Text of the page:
HSBC Asset Management will this week launch two guaranteed Dublin Isas back-to-back which pay steppe...
HSBC Asset Management will this week launch two guaranteed Dublin Isas back-to-back which pay stepped income rising to 10% over five years.
The Fixed Income Isa pays 6% income in the first year, 6.5% in the second, 7% in the third year, 7.5% in the fourth and finally 10% in the fifth year.
There is also a roll-up option of 41% and a quarterly income option which adjusts to reflect each step up in income. Commission for IFAs is 3% on the Isa version and either 3% initial or 1% initial and 0.5% renewal on Pep transfer. Either general or single company Peps are eligible for transfer.
The offer period lasts until 28 April comprising two offer periods and allowing back-to-back Isa investments of this year's and next year's allowance, a total of £12,000.
The income and growth options on the product are guaranteed, but return of original capital is not. That depends on the performance of the FTSE 100.
If the index has risen from its starting level on maturity of the Isa, the investor will receive either the growth or income options and full return of original capital invested.
If however the index has fallen from its starting level on maturity, investors still receive all the income or growth returns, but will suffer capital erosion at a rate of 1% for every 1% lost by the index.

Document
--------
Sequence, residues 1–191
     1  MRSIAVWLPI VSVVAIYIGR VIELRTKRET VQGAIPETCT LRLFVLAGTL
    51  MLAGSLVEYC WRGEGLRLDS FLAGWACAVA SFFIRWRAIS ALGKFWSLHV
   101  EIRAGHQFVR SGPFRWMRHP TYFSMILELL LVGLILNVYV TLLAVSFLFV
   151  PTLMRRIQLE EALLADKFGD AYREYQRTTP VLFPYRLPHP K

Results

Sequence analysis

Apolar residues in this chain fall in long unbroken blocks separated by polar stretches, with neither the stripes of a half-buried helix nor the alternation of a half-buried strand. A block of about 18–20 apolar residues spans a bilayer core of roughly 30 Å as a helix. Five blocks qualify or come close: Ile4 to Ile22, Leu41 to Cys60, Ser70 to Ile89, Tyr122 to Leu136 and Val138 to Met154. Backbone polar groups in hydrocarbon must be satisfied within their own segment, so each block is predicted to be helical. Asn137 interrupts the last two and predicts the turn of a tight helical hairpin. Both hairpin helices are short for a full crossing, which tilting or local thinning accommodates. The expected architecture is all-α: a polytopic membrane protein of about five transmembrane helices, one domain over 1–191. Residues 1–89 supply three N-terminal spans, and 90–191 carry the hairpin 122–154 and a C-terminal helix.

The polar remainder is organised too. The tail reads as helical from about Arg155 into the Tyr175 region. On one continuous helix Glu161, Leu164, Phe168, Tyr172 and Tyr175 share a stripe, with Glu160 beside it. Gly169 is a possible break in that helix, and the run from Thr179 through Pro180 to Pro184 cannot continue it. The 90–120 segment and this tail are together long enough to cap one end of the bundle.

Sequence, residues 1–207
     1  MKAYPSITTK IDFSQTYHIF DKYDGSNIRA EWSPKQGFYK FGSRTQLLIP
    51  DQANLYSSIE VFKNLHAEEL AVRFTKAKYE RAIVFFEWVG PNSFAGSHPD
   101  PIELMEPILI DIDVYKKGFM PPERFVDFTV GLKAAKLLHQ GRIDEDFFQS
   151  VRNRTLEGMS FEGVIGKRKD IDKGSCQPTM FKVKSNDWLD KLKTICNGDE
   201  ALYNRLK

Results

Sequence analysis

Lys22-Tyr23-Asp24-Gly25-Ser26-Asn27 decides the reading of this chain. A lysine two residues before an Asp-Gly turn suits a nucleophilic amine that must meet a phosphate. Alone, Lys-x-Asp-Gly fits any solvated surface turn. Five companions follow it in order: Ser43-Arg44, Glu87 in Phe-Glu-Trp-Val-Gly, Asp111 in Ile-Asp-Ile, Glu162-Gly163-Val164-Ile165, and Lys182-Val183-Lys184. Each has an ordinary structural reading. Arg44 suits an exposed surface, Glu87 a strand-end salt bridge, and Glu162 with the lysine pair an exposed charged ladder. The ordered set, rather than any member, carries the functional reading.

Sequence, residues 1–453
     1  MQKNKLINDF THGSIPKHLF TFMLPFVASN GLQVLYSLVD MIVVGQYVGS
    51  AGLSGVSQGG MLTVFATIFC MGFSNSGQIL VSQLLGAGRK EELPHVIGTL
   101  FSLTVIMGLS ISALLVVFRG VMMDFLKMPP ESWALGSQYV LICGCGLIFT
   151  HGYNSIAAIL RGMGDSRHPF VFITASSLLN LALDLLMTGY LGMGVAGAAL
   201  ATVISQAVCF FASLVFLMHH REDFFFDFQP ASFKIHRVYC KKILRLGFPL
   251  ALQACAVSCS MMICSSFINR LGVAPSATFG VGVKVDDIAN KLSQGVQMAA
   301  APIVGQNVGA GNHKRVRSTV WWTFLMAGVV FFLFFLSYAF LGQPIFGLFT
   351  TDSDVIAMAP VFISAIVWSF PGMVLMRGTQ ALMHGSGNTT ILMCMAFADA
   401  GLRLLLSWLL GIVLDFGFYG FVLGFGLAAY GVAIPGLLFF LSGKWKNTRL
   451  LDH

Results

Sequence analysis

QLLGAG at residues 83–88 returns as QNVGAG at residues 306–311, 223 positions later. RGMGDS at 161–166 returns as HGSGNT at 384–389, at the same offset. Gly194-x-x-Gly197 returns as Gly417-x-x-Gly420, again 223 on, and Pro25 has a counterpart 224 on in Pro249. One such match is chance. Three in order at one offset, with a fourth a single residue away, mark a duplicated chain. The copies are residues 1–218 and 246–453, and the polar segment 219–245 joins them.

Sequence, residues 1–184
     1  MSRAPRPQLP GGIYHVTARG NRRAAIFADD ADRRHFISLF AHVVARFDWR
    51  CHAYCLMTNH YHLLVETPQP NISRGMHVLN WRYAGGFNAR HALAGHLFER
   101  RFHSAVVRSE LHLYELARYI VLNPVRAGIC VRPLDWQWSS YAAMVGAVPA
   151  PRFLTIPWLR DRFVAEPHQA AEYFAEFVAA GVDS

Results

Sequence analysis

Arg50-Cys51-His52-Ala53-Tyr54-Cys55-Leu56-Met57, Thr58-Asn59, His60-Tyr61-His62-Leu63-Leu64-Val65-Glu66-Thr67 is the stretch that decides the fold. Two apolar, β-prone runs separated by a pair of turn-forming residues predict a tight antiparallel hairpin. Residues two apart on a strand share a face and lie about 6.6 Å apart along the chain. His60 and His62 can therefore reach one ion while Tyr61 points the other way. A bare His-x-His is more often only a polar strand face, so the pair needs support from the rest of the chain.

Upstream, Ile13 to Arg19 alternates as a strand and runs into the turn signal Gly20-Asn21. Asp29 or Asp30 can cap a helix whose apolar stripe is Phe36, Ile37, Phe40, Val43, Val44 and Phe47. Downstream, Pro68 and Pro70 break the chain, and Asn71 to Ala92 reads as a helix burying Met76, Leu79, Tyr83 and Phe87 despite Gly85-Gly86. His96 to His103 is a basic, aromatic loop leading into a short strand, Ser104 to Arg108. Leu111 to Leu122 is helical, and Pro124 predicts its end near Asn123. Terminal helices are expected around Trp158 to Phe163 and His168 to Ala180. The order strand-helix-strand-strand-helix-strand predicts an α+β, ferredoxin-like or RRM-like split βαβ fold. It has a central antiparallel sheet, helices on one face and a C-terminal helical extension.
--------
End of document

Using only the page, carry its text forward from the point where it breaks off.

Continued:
For example, if the index were to fall by 5%, investors would also lose 5%, thus receiving all their returns but only 95% of capital invested.
The product has slightly less attractive terms than the last Isa, which paid 12% in the final year.
Mark Dickson, director of product development at HSBC Asset Management, said: "Because of market conditions, the assets backing this product are slightly more expensive now. Also, the feedback from IFAs was that the 12% rate looked too high and might cause problems for investors looking for a similar income in year six. This way there is smoother growth.The product is structured in this way to ensure that investors' returns rise in line with any forthcoming interest rate rises."
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